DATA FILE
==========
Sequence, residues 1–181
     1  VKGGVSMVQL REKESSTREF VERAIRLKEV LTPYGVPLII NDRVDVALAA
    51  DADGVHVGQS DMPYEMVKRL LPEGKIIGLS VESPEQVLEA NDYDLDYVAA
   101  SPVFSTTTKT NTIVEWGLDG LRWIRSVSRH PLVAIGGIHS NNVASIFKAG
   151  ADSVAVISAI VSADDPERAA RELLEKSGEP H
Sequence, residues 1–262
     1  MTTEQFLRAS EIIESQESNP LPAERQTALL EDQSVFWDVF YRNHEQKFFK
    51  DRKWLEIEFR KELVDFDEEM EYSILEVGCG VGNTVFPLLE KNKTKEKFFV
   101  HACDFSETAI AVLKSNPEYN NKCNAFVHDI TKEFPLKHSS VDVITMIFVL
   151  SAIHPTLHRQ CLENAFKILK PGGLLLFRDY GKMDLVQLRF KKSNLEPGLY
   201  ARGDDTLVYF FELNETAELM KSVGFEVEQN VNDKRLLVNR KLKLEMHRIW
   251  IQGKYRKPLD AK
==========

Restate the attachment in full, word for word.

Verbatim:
Sequence, residues 1–181
     1  VKGGVSMVQL REKESSTREF VERAIRLKEV LTPYGVPLII NDRVDVALAA
    51  DADGVHVGQS DMPYEMVKRL LPEGKIIGLS VESPEQVLEA NDYDLDYVAA
   101  SPVFSTTTKT NTIVEWGLDG LRWIRSVSRH PLVAIGGIHS NNVASIFKAG
   151  ADSVAVISAI VSADDPERAA RELLEKSGEP H
Sequence, residues 1–262
     1  MTTEQFLRAS EIIESQESNP LPAERQTALL EDQSVFWDVF YRNHEQKFFK
    51  DRKWLEIEFR KELVDFDEEM EYSILEVGCG VGNTVFPLLE KNKTKEKFFV
   101  HACDFSETAI AVLKSNPEYN NKCNAFVHDI TKEFPLKHSS VDVITMIFVL
   151  SAIHPTLHRQ CLENAFKILK PGGLLLFRDY GKMDLVQLRF KKSNLEPGLY
   201  ARGDDTLVYF FELNETAELM KSVGFEVEQN VNDKRLLVNR KLKLEMHRIW
   251  IQGKYRKPLD AK